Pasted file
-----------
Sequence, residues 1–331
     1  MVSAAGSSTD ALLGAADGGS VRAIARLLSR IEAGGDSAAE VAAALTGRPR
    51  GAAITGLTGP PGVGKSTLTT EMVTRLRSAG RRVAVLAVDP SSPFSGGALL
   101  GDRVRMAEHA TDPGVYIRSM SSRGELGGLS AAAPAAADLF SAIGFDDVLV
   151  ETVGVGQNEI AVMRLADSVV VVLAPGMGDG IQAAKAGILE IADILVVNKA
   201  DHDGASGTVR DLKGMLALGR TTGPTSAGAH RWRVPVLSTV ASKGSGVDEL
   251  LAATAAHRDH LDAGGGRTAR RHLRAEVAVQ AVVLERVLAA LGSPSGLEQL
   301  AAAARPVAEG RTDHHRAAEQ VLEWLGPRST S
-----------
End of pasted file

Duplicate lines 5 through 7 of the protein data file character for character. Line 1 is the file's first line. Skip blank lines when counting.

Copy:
   151  ETVGVGQNEI AVMRLADSVV VVLAPGMGDG IQAAKAGILE IADILVVNKA
   201  DHDGASGTVR DLKGMLALGR TTGPTSAGAH RWRVPVLSTV ASKGSGVDEL
   251  LAATAAHRDH LDAGGGRTAR RHLRAEVAVQ AVVLERVLAA LGSPSGLEQL